During drought, thirsty mountain trees steal downstream water

"Higher elevations are finding droughts more stressful, so they're using more water every time there's a drought," says Katherine L. Martin. (Credit: Jason Vines/Flickr)

Higher elevation forests in the Blue Ridge Mountains are often maintaining, and sometimes even increasing, their water use during extreme droughts, according to a new study.

The findings suggest upstream forests’ increased water consumption could leave less water downstream for forests, cities, and wildlife during drought.

“We’re expecting that droughts will become more severe and frequent, so it’s important to understand how that’s going to influence the amount of water we have available,” says Katie McQuillan, a graduate student in the Center for Geospatial Analytics at North Carolina State University and lead author of the study in Landscape Ecology.

“We found that these forests are using more water on average during droughts, and that leads to less water ending up downstream.”

The image shows the peaks and valleys of mountain forests
Aerial image of high elevation forests in Great Smoky Mountain National Park, which is part of the southern Blue Ridge eco-region that the researchers studied. The image was created using data from the National Agriculture Imagery Program. (Credit: Katie McQuillan/NC State)

Researchers analyzed how trees use water and release it as vapor based on thermal infrared remote sensing data gathered by satellites between 1984 and 2020. They used that data to understand trends in forest water use for more than 15,000 square miles of forest in the Blue Ridge Mountains across Virginia, North Carolina, Tennessee, South Carolina, and Georgia.

Forested mountain regions are super important for the quality and quantity of water that we have downstream,” McQuillan says. “Mountain forests produce some of the cleanest and most stable sources of water, and have an impact on how much water is available downstream for people and aquatic species.”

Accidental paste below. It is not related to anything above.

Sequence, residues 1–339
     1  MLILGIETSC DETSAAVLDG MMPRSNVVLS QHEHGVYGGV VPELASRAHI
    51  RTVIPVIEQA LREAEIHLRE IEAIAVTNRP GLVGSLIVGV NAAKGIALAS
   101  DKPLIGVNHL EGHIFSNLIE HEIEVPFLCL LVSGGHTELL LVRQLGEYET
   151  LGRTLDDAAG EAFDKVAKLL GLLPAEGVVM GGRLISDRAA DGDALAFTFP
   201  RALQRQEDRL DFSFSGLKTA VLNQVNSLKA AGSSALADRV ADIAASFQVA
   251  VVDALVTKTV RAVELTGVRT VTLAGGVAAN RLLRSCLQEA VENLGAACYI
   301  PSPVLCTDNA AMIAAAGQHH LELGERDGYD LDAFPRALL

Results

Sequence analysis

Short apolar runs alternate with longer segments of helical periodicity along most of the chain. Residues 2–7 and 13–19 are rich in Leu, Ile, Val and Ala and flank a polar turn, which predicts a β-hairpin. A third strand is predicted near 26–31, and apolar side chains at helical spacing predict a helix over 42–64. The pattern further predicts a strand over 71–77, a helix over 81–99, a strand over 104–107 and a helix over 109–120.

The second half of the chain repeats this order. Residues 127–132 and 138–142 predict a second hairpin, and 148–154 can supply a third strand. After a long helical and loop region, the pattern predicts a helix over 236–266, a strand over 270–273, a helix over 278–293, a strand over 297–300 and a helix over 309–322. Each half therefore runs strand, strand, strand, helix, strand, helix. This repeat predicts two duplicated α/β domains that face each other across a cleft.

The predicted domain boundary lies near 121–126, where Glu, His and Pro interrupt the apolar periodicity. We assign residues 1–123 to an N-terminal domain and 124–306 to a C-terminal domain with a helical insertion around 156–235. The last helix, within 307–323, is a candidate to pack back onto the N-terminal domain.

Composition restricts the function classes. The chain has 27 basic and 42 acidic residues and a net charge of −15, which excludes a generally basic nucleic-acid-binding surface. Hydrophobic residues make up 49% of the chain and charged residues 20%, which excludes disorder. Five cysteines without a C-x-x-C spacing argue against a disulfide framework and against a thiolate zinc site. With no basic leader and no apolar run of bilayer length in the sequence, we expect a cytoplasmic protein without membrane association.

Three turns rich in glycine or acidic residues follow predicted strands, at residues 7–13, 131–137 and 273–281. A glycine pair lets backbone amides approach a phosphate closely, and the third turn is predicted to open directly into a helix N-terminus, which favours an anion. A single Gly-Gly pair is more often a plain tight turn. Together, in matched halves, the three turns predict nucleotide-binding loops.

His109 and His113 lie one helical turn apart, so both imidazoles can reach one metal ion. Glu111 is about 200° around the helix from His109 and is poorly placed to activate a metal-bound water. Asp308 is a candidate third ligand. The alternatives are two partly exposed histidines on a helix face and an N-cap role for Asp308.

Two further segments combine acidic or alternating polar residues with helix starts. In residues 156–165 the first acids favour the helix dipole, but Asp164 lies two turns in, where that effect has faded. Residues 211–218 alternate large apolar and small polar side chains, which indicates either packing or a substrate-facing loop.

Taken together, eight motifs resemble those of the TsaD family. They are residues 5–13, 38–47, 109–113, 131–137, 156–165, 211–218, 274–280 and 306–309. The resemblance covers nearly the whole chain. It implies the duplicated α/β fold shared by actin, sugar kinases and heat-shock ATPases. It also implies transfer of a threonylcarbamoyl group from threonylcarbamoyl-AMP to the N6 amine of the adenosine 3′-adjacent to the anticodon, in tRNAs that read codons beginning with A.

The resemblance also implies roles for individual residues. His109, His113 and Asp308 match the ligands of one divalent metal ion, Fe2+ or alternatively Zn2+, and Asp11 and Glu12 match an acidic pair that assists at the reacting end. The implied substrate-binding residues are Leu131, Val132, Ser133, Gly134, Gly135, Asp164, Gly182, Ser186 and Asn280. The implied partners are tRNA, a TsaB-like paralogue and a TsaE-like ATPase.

In part of their analysis, researchers tracked whether forests used more or less water than normal for each pixel of mapped land—averaged based on elevation—in moderate, severe, and extreme droughts.

They found that higher elevation forests’ average water use was generally unchanged or slightly increased during extreme droughts. Those forests, which make up about 22% of the forest area they studied, tended to be located above 3,280 feet. Meanwhile, they found that lower elevation forests reduced their water use on average.

“Higher elevations are finding droughts more stressful, so they’re using more water every time there’s a drought,” says senior author Katherine L. Martin, assistant professor of forestry and environmental resources.

“These high elevation and ridge forests are able to increase water use because they have first access to precipitation. With less runoff, that makes dry conditions for trees at lower topographic positions worse, leading to larger declines in forest water use in low elevation and valley forests.”

Lower water consumption by lower elevation forests could mean they are less adapted to drought.

“The processes of tree water use and growth are coupled, so when a tree reduces its water use it is also reducing growth,” McQuillan says. “More drought-adapted trees are typically able to continue using water, and growing, under greater water stress than less drought-adapted trees.”

Overall, across all elevations, the researchers saw that mountain forests drank above average amounts of water at the droughts’ peak. They say rising temperatures due to climate change likely play a role.

“We think that increasing temperatures are behind greater water use during droughts,” McQuillan says. “When it’s hotter, forests use more water to keep themselves cool.”

Changes in the types of trees found in the forests—due to fire suppression and changes in precipitation or other trends—could also play a role in their findings, the researchers say. Drought sensitive species like maples and tulip poplars, which have historically been found at lower elevations, are now more common throughout the landscape.

“There are species that use a lot more water than others,” McQuillan says. “If those are in the high elevation or upslope areas, that exacerbates what we’re seeing.”

The findings could mean that changes in the way forests use water would make water shortages more severe.

The Center for Geospatial Analytics at NC State, a Nature Conservancy NatureNet fellowship, and a US Geological Survey Southeast Climate Adaptation Science Center graduate fellowship awarded to McQuillan funded the work.

Source: NC State